GREEN BAY, Wis. -- Aaron Rodgers finally can joke about the awkward and chilly reception he received from Packers fans early last season.
It's not often that a player is booed at an intrasquad scrimmage, especially in mild-mannered Green Bay. But that's exactly what happened to Rodgers last year as he bore the brunt of some fans' misguided blame for the standoff between the Packers' front office and longtime quarterback Brett Favre.
Rodgers eventually won them over, walking off the field to cheers after a season-ending victory over the Detroit Lions.
"If you would've told me at the beginning of the season we'd get a standing ovation leaving the field after our last game at 6-10, I would've said, 'Well, I was probably being carted off,'" Rodgers jokingly said. "But I wasn't. We had just beaten the Lions, and that was a special moment."
And while Favre's return to Lambeau Field on Sunday is stirring up angst among fans unsure how to jeer or cheer a once-popular Packer turned Minnesota Vikings villain, one thing is certain: They are rallying behind their starting quarterback.
"It's definitely all love, the relationship between myself and the fans," Rodgers said. "It's good."
And what's not to like? Going into Sunday's game, Rodgers ranks among the top 10 in virtually every major NFL statistical category for quarterbacks, despite being sacked 25 times in six games, the league's second-worst team total.
And Rodgers believes he'll get better.
"I still feel like my best is in front of me, and I'm always looking for ways to improve and being very critical of the way I've been playing," Rodgers said. "So I think as a quarterback, you've got to strive for that perfect game, and it's never really attainable, because there's always a couple things you're going to lie in bed at night and think about."
But Rodgers insists he didn't lose much sleep over the extra baggage that came along with his first season as a starter.
Making the move from backup to starter is hard enough for any quarterback -- but Rodgers had to do it while fans were chanting the name of his predecessor during a training-camp practice. Things didn't exactly get better when the Packers traded Favre to the New York Jets.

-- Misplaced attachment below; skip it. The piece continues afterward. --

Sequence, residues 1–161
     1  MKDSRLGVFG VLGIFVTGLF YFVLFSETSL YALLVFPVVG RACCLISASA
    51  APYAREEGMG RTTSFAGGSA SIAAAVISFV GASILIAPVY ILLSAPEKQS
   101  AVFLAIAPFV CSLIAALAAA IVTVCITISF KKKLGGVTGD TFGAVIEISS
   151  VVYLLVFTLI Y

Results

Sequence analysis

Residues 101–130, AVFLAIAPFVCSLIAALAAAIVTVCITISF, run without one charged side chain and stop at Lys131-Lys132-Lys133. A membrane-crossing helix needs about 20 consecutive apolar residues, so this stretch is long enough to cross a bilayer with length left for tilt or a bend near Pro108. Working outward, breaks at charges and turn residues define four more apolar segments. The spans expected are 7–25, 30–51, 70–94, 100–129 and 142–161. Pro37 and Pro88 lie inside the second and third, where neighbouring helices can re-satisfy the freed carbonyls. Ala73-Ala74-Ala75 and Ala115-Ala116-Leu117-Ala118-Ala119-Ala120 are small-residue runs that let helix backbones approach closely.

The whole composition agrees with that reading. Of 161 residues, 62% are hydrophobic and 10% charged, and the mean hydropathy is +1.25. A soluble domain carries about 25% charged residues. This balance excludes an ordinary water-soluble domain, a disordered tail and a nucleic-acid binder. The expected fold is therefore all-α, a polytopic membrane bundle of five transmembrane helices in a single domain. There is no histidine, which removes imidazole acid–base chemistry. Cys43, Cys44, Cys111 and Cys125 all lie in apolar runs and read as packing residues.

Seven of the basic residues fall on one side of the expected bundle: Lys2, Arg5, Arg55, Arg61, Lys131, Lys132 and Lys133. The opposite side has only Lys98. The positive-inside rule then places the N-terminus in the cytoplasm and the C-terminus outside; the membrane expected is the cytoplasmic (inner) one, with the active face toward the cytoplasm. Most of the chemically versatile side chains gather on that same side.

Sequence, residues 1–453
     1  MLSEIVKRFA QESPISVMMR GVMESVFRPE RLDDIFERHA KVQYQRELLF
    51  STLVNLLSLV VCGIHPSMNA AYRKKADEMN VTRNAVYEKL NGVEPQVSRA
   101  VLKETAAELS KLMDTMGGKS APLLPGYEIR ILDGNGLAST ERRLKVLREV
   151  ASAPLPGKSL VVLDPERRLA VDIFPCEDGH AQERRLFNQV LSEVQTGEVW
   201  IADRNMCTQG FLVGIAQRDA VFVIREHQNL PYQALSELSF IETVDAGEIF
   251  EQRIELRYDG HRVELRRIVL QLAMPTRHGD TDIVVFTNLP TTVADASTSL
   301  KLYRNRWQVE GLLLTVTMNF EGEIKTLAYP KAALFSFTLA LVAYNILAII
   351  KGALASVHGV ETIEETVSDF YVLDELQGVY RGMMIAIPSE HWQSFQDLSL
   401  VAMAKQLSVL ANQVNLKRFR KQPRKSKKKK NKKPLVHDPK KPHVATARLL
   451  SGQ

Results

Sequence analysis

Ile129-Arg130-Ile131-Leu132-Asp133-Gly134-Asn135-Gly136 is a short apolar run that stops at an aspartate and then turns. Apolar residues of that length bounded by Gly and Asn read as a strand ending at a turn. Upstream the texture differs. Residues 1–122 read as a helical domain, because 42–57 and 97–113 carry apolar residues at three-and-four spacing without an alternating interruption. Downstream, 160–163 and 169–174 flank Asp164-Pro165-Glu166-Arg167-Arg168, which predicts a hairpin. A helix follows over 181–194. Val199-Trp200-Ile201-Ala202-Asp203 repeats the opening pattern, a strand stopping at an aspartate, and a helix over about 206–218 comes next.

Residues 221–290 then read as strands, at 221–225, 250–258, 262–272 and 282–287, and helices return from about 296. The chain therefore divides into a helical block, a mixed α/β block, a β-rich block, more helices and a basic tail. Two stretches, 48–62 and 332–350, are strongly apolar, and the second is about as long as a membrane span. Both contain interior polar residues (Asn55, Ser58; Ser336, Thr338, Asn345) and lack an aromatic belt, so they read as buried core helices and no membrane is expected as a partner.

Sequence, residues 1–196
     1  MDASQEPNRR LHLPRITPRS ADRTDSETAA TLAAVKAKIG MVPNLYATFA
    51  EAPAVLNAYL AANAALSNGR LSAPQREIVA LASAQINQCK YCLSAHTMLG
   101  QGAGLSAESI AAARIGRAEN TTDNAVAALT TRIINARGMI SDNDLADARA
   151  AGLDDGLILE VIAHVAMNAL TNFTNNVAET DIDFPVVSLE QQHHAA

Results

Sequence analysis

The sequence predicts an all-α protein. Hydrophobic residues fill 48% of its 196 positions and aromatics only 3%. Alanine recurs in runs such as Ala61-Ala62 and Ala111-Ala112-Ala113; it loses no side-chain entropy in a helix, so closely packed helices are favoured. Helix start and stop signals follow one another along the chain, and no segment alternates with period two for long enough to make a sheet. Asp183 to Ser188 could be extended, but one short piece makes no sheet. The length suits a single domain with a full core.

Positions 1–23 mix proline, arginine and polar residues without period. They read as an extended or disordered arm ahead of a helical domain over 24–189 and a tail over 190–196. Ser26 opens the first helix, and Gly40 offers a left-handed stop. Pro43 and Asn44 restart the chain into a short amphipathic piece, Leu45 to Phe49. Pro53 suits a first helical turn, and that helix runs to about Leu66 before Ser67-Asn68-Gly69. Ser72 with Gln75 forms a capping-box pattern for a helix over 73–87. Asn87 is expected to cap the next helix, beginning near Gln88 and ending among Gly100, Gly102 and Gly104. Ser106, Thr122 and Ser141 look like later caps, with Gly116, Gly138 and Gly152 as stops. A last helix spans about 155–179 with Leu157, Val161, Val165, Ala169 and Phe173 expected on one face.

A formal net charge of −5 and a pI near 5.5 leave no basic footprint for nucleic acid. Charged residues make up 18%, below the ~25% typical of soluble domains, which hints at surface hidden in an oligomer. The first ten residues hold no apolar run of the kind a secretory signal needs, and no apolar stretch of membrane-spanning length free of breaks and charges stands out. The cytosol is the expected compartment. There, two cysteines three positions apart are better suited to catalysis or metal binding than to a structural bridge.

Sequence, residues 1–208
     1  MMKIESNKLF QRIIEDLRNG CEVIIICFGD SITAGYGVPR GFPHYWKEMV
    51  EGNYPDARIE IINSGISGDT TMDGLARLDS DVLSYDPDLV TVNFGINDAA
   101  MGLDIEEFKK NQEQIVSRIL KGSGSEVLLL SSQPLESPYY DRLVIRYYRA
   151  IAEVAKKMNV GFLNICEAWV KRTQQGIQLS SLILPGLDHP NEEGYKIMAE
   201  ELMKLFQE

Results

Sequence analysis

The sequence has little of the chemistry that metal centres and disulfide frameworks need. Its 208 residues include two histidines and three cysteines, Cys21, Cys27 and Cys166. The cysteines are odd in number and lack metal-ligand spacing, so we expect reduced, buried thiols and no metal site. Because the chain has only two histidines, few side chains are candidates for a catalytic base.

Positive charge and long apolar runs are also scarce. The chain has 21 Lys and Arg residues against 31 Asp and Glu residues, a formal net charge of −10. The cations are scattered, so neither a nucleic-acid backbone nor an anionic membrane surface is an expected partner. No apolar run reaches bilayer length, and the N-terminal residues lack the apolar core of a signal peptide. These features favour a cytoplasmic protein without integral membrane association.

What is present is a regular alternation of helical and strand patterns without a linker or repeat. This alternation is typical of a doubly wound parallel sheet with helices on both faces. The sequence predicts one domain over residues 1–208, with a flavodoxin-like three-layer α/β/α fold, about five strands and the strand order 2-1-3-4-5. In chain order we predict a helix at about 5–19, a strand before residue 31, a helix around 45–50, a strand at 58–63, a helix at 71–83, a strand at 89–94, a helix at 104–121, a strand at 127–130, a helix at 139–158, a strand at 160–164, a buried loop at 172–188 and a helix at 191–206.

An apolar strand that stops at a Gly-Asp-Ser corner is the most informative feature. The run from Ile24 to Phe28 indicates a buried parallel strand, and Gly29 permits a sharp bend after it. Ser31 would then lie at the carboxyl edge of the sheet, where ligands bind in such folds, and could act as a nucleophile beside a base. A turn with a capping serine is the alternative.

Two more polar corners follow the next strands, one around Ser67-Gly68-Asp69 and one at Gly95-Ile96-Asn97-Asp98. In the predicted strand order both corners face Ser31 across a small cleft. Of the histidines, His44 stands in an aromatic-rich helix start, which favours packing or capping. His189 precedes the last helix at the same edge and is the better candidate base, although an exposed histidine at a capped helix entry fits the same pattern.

But if the initial lack of fan support bothered Rodgers, he never showed it.
"I feel like a stance like that would have portrayed me as wanting some sort of sympathy or self-pity on my part, and I never felt like that," Rodgers said. "I felt like I'd waited for three years to do something that I always wanted to do since I was 3 years old watching Joe Montana and running pass patterns with my dad in the back yard. That's the way I looked at it. I didn't look at it like I was going through something that was unfair to me, or I was innocent."
Rodgers compared the fallout from the Favre trade to his experience in the 2005 NFL Draft, when the University of California star wasn't picked as early as many expected and had to deal with disappointment in the spotlight.
"I just try to stay focused on the things I can control," Rodgers said. "I think I learned that as a 21-year-old sitting in the green room (at the 2005 draft) firsthand. That was kind of the beginning of just continuing to trust in my close friends and advisers and just hearing the same kind of thing -- that the things you should worry about, think about, spend your energy on are the things you can control."
Rodgers and Favre will face each other on the field Sunday, but they never were particularly close off of it. But Rodgers doesn't want to make a big deal out of the fact that he and Favre haven't recently spoken.
"That, again, was out of my control," Rodgers said. "I focused on the things I could control, and that situation was one that, again, I didn't worry about as much as there may have been emotions involved or may not have been, it was out of my control so I didn't worry about it."
In all, Packers coach Mike McCarthy said Rodgers did an admirable job handling the Favre-related drama that started last season and will continue Sunday.
"Aaron wants to play football. He wants to win games. He's human, just like all of us," McCarthy said. "Has it been discussed? Yes, we've talked about it, but it doesn't do anything good to take it any further (than) that. It's a great situation for Aaron Rodgers. He's taken full advantage of it, and we're proud that he's our quarterback."